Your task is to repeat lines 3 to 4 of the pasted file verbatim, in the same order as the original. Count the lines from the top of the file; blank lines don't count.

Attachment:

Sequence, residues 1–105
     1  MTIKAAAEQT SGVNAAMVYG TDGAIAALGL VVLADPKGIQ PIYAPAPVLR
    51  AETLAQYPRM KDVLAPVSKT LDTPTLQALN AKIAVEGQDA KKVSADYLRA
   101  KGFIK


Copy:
    51  AETLAQYPRM KDVLAPVSKT LDTPTLQALN AKIAVEGQDA KKVSADYLRA
   101  KGFIK